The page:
While Kumar is known for his compassion among his employees, his customers (the farmers) know him as the man who rescued them from the clutches of credit. Avanti Feeds changed the way feed companies worked with farmers. Earlier, distributors would take the feed from the companies on credit and give it to the farmers on credit. This led to problems because when diseases struck and farmers lost their earnings, they were not able to repay the company.
Avanti Feeds decided to do away with credit in their transactions with distributors, and switched to cash. This meant that even in the case of a disease outbreak or a natural calamity, Avanti Feeds’ earnings would not be affected. “We have a simple theory. Credit kills. It tempts people and allows them to take their business casually,” says Kumar. Farmers can now make better estimations of their yield and adjust their costs accordingly, since they know that they can’t rely on credit.
This system also means less pressure on the company’s working capital, as almost 85 percent of receivables are in cash. The company receives money throughout the year and gets credit of 15 days on payables. It has a cash surplus of around ₹400 crore.
Kumar, who is on the lookout for related areas to invest his funds in, would like to fully integrate his aquaculture business. Currently, he is looking at new fish feed as well as new species to develop for the farmers.
He has also entered the frozen foods sector, which accounts for 10 percent of his total turnover but is expected to grow. In 2015, Avanti Feeds set up Avanti Frozen Foods, with a 40 percent equity from Thai Union, and is working on a new export-focussed shrimp processing plant in the village of Yerravaram in the East Godavari district of Andhra Pradesh. He is also considering cultivating sea bass, a protein-rich fish with a strong demand in the export market.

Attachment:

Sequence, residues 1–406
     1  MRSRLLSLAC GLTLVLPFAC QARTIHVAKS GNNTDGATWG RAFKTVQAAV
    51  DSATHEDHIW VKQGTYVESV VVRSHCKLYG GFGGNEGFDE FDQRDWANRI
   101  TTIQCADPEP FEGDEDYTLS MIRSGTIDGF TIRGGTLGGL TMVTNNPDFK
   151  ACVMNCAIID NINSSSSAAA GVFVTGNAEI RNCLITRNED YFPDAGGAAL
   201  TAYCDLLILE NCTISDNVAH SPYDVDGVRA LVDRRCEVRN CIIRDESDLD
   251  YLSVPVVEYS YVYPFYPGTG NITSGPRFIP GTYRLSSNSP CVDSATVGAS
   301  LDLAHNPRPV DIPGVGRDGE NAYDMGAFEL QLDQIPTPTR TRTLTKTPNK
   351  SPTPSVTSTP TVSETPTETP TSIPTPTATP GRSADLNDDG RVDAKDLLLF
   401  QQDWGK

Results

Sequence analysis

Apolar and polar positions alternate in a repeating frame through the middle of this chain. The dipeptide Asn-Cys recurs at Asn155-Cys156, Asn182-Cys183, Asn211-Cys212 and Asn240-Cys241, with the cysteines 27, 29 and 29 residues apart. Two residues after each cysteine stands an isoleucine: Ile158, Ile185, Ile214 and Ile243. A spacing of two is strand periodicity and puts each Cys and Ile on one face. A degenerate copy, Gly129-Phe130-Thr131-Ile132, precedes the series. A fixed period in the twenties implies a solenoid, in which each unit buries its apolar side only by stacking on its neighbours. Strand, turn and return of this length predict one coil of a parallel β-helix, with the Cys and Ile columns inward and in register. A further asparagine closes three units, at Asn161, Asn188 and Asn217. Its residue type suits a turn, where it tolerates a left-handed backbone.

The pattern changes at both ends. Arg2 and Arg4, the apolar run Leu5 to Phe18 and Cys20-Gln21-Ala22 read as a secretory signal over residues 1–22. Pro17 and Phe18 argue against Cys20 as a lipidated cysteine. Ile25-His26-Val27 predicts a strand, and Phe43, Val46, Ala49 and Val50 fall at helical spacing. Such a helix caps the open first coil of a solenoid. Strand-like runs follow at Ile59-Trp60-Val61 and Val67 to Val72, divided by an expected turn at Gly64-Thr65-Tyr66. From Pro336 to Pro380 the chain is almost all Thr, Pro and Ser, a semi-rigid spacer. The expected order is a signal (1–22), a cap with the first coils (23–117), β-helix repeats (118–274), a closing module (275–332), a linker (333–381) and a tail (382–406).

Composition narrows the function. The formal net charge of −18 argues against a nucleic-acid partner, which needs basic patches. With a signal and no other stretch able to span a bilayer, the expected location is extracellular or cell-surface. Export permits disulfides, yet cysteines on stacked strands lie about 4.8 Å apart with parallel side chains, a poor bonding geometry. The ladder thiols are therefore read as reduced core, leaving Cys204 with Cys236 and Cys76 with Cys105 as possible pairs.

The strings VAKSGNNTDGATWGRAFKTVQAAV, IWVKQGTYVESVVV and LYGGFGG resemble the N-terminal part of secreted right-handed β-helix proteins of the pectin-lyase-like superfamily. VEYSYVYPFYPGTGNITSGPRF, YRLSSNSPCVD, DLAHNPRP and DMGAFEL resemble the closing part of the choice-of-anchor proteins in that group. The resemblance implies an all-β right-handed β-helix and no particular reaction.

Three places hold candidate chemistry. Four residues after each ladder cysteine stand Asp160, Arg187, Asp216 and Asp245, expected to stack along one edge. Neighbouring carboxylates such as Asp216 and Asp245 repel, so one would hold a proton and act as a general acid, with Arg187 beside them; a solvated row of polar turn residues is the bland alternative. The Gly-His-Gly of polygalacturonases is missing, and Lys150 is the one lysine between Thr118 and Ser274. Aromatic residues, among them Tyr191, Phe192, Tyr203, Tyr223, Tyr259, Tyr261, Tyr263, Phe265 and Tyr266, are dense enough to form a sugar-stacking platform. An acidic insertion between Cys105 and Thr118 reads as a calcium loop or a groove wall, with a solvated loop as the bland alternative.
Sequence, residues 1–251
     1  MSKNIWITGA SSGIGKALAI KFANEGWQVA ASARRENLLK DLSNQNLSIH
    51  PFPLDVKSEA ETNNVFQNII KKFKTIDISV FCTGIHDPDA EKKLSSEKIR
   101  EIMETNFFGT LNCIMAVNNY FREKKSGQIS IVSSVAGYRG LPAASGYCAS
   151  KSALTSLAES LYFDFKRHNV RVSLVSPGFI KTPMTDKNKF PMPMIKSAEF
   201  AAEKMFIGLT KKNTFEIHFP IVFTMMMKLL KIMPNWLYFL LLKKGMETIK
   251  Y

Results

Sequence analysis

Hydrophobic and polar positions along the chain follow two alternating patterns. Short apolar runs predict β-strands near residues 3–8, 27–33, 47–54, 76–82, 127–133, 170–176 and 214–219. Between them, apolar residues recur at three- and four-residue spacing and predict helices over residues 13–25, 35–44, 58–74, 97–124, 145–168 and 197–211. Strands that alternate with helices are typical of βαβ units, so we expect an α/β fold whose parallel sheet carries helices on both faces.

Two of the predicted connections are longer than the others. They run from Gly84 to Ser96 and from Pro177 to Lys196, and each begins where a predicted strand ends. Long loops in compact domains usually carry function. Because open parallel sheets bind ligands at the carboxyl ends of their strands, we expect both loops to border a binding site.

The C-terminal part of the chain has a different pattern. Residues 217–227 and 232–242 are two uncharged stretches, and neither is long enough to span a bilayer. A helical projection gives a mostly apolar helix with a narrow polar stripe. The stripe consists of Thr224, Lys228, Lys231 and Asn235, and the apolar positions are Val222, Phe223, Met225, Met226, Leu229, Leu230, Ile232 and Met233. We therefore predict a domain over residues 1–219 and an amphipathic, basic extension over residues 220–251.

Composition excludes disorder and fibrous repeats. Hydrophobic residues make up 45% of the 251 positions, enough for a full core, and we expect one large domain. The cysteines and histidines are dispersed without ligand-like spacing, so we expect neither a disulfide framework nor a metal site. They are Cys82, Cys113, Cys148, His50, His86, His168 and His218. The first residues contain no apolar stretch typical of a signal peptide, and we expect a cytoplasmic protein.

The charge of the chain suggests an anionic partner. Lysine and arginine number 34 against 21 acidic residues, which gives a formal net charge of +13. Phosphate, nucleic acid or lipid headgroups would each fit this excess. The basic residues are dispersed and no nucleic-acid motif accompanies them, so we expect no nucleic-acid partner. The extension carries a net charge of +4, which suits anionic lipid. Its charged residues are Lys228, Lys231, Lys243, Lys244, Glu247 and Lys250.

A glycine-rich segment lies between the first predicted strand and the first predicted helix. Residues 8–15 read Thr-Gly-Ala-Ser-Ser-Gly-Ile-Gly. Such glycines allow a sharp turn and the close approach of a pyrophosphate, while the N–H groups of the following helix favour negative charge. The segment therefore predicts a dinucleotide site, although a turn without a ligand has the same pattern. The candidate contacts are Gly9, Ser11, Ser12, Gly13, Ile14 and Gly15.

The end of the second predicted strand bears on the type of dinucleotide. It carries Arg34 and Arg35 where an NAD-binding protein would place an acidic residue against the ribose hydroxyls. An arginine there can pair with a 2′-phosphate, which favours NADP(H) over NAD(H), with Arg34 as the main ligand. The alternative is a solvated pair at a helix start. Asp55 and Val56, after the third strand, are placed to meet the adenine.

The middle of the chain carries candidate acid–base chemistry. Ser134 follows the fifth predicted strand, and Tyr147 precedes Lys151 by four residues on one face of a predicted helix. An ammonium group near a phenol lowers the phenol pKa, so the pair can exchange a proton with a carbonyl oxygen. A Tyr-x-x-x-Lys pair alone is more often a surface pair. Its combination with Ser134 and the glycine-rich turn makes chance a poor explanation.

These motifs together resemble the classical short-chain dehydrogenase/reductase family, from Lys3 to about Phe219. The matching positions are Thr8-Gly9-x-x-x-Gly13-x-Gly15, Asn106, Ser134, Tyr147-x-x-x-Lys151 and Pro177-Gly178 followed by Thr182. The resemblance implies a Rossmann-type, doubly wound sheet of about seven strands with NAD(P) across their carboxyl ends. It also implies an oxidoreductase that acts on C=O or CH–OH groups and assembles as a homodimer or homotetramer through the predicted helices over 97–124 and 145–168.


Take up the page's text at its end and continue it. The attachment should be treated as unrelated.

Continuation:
Presently, Kumar’s focus continues to be on the end user. The farmers invest around ₹6 lakh per hectare in ponds to create infrastructure for shrimp farming; shrimp feed comprises 45 percent of the total costs. The company is working towards reducing the cost of the feed. “Feed is the single largest expense for farmers. Earlier, this expense was around 55 percent [of total cost], which we have brought down to 45 percent over the last eight years,” says Kumar.
Avanti Feeds is also looking to reduce the feed conversion ratio (the amount of feed given to the shrimps compared to their increase in weight). At present, 1.5 kg of feed generates 1 kg of shrimp; the company is trying to generate the same amount of shrimp with 1.3 kg of feed.
But achieving this target is easier imagined than done, since feed is a finely balanced mix of dried fish powder, deoiled soya cake and white flour. Thai Union is involved in the formulation of this feed.
That Kumar and Avanti Feeds are true value creators is endorsed by competition too.
“I could make out that he had planning and execution capabilities. He clearly had a growth path for the company,” says P Brahmanandam, managing director of Devi Sea Foods, one of the largest exporters of shrimps in India. And Kumar has proved him right, growing Avanti Feeds in leaps and bounds into a highly profitable company.
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(This story appears in the 24 November, 2017 issue of Forbes India. To visit our Archives, click here.)